I wish you would think about this for a minute. During that time, 288 million people -- 288 million people -- saw these messages two to three times during the holy month of Ramadan. That is the kind of reach we need to do everywhere in the world, and it was the first time we had a program of that kind of penetration.
Focusing on Indonesia, we then went in and tested what these messages were accomplishing. We did it exactly like you would a major campaign for some of our brands that travel around the world. The recall is one number and the message retention is another. The recall of these messages was higher than a soft drink can achieve in six more months of advertising. It broke the bank in terms of recall.
In terms of message retention, every single person who recognized it came back and said, "They're talking about the way they live in the United States. I had no idea." A woman said, "I didn't know you could wear scarves safely in that country." Another said, "Do you mean they're free to pray openly?"
If you could see these visuals, which most of them we taped, you would understand that the need to get the word, to exchange the word, to share ideas, is actually very important.
What this means in terms of results measured against modern marketing is that the messages are interesting and the people are very thirsty, and they're living with a large amount of distortions.
The other thing that happened is a continuing dialogue is stimulated because of this massive reach. Indonesian TV came to us, agreed to do an hour television show -- 50 Americans, 50 Indonesians. It just aired one hour, 135 million people. That is the way we begin to make inroads against the preconceptions and the negatives.
The Muslim Life America booklet, which you have there, is in use in an amazing number of places now; not only schools, libraries and seminars, but my favorite story is Air Asia from Malaysia called and asked for 10,000 copies. So now we have forced reading on the airplanes (laughs), and it's not a bad other new channel of distribution.
The point is, we must engage. We've tested this year very many programs to open doors to ordinary people. We need your support to create a sustained engagement with the world. You know who needs this, too? Our businesses, our universities and our hospitals. They need us to help them engage.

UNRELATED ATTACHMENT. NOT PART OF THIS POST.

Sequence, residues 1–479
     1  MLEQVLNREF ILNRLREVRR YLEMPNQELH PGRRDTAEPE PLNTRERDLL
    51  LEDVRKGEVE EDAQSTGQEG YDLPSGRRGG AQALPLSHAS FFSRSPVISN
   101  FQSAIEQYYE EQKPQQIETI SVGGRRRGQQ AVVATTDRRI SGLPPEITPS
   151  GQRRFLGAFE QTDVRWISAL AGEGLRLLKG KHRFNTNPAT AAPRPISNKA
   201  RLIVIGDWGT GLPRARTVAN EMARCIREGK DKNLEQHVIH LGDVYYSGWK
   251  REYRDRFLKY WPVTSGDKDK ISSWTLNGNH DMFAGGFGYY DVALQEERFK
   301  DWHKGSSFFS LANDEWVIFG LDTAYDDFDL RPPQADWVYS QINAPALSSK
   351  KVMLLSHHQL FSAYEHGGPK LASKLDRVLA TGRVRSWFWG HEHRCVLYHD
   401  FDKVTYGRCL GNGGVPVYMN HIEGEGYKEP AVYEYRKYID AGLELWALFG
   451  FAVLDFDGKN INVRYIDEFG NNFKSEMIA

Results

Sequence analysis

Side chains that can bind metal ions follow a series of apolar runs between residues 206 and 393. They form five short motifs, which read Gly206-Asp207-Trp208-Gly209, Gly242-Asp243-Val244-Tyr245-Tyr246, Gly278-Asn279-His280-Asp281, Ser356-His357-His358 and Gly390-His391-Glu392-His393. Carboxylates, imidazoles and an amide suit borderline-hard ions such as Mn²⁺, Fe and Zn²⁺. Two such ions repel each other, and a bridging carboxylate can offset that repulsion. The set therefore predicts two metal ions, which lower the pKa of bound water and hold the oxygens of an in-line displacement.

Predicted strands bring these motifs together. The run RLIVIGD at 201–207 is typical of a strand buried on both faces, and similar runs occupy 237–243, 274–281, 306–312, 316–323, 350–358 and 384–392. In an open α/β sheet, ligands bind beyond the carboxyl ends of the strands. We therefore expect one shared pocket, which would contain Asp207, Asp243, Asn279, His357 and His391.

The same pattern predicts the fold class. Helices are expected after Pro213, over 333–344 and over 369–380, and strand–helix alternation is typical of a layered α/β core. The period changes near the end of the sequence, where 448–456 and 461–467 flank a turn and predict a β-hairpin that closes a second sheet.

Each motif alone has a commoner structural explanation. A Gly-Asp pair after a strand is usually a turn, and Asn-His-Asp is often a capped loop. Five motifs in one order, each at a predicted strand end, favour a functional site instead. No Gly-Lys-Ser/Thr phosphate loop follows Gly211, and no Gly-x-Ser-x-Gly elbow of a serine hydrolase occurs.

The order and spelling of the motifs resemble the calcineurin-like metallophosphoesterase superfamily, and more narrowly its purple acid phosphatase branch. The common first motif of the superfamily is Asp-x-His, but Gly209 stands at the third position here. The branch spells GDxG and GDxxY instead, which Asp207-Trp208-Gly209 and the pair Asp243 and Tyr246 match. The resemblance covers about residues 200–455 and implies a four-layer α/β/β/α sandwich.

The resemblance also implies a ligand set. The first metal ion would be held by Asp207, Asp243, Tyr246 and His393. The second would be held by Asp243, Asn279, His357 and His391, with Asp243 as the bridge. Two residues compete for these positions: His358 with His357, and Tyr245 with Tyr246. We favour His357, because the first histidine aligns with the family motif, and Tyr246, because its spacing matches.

We have, as you know, amazing products -- science, technology, engineering, medicine. We have the whole potent world of our best literature, music, sports and movies. But it is not out there. Our American people are willing to go. In your states are people who constantly approach the State Department and say, "What can I do to help?" And we need to organize these kinds of people, these businesses, these sophisticated musicians and artists, so that they move as emissaries through the world in our behalf.
We have in front of you amazing good programs, but they're in test. They're not funded to go roll out -- Sesame for Teens, the Arabic Youth Magazine, Arabic Television, English teaching co- sponsored with the local governments. We have an army willing to be signed up in the world of the United States. You know that the educational and cultural exchanges are backed up by 90,000 volunteers, people in your states who are saying, "I already know a way to help. How can we magnify that many, many-fold?"
These people we need to talk to do not even know the basics about us. They are taught to distrust our every motive. Such distortions, married to a lack of knowledge, is a deadly cocktail. Engaging, teaching common values are preventive medicine.